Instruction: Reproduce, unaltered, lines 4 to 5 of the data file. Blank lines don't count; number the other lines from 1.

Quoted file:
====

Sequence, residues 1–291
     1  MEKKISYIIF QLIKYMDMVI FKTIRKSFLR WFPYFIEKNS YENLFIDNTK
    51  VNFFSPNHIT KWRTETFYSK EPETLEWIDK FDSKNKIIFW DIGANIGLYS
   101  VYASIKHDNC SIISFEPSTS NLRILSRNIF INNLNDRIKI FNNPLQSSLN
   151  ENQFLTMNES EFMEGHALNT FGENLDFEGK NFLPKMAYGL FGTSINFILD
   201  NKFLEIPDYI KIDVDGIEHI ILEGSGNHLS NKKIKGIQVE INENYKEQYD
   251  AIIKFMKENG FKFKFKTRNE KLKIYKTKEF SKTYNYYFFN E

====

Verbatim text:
   101  VYASIKHDNC SIISFEPSTS NLRILSRNIF INNLNDRIKI FNNPLQSSLN
   151  ENQFLTMNES EFMEGHALNT FGENLDFEGK NFLPKMAYGL FGTSINFILD